Two influential U.S. senators say the United States must proceed with great care in helping to lay the foundation for a future Iraqi government, or risk engendering animosity that could imperil U.S. objectives in the country.
Senator Christopher Dodd of Connecticut recently returned from a trip to Iraq and says he is troubled by a lack of consensus on the best way to chose a transitional government, currently slated to be in place by next June. Mr. Dodd, a Democrat on the Senate Foreign Relations Committee, spoke on the U.S. television program, CNN's Late Edition.
We [the United States] need to make sure that the interim authority is chosen properly. If we try to hand-pick that authority contrary to what the Iraqi people want, then we could make a huge mistake. We better be very careful. If we do not have a government that enjoys the support of the Iraqi people pretty soon over there, then we are going to be asked to [leave Iraq]," he said.
An influential Iraqi Shiite Muslim cleric is demanding direct elections for a transitional government, while U.S. officials favor an indirect, caucus-style procedure. Senator Dodd says, however the new leaders are chosen, the process must have the broad backing of the Iraqi people and the participation of the United Nations.
On that point, he got no argument from a Republican colleague, Senator Chuck Hagel of Nebraska, who spoke on the same program. "The United Nations and the internationalization of this effort is absolutely critical to the outcome and the interests of all of us," he said.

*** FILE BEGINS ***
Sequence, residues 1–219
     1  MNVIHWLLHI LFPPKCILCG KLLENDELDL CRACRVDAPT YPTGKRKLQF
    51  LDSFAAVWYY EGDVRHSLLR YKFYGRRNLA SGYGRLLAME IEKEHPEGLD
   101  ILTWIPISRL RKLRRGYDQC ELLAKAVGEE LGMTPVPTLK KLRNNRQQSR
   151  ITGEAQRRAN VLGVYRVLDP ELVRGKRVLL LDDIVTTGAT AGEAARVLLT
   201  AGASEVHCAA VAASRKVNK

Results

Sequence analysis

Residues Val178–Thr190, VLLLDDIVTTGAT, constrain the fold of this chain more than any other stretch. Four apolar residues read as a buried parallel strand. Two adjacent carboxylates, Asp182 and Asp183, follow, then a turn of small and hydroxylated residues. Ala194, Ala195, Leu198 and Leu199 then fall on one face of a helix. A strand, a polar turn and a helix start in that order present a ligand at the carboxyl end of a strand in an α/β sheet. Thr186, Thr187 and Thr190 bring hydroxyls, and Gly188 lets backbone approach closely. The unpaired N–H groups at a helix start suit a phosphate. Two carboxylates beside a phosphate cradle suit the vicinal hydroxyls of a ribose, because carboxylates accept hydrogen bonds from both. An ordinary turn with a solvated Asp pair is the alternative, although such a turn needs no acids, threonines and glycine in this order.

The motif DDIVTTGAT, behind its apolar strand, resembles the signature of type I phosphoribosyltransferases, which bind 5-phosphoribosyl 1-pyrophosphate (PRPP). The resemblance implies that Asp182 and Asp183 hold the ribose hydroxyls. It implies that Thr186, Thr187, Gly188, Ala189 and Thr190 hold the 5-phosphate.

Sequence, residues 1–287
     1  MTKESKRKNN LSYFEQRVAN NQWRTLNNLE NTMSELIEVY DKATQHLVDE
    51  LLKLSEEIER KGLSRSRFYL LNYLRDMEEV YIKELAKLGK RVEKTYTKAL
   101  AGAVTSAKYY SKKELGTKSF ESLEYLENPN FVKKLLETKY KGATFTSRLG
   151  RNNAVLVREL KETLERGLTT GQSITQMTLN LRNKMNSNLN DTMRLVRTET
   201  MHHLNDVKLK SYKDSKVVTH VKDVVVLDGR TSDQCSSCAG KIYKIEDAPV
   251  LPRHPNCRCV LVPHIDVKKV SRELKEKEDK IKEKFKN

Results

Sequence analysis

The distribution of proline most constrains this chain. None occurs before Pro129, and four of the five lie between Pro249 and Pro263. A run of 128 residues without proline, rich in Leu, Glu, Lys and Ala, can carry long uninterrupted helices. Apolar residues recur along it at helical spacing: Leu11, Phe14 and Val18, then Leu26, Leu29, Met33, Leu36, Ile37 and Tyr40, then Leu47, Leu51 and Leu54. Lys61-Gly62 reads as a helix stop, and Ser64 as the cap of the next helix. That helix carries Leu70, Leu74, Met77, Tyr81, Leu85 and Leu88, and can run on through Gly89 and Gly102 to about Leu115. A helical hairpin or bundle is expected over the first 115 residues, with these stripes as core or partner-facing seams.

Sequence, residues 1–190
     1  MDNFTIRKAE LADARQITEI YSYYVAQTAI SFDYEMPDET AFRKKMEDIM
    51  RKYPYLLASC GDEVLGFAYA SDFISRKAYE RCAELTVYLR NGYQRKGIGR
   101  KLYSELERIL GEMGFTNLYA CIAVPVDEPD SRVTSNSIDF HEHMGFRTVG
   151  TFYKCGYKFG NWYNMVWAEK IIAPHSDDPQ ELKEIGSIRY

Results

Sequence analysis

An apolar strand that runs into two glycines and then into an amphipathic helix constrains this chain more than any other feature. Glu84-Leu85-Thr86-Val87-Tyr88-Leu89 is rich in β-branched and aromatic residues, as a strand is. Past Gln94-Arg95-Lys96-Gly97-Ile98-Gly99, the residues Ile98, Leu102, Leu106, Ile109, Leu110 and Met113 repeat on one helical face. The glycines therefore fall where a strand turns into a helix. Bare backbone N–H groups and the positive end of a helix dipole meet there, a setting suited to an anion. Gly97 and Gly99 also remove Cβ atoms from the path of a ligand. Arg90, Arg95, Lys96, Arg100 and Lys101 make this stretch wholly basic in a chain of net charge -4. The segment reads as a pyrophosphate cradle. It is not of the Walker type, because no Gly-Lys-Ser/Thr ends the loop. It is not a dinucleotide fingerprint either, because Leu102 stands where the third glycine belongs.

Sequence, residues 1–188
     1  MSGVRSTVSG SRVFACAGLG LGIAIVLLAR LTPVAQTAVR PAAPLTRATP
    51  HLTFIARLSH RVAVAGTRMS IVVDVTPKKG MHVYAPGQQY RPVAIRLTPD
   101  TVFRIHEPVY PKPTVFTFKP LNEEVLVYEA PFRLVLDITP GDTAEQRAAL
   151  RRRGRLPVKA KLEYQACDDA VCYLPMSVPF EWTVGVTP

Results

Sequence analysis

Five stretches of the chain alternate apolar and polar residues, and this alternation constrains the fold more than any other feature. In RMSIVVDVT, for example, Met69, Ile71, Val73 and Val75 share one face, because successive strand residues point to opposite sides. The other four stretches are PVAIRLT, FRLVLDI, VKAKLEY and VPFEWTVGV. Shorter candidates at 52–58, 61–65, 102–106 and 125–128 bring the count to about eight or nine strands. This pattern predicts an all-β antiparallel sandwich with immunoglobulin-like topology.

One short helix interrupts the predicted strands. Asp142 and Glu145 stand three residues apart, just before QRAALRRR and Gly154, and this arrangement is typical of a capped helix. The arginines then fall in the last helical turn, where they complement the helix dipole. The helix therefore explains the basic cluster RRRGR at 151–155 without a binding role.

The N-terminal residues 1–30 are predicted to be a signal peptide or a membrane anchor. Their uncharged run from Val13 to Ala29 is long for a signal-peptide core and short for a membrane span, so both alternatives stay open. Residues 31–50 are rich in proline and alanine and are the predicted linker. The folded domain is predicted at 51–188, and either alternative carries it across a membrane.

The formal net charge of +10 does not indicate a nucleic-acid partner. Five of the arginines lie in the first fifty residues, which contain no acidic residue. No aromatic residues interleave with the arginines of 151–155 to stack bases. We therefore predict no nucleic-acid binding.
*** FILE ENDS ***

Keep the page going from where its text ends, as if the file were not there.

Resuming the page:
Mr. Hagel added that, ultimately, Iraqis themselves will be responsible for the government they chose. "You cannot impose a Jeffersonian democracy on anyone. If, in fact, the premise here is to allow the Iraqis to govern themselves, then they are going to have to make those choices themselves," he said.
Also appearing on Late Edition was Jordan's King Abdullah, who cautioned that some segments of Iraqi society are better-prepared to participate in direct elections than others. "If you are going to have elections, you have to give all the constituencies in Iraq a fair chance. If we are keeping to the July (2004) deadline, there needs to be some homework done to make sure that all of Iraqi society has a fair chance at elections. At the moment some groups are much more organized than others," he said.
The Jordanian monarch added that an eventual U.S. disengagement from Iraq must be orderly and well thought-out so as not to leave the populace in what he called an "impossible situation."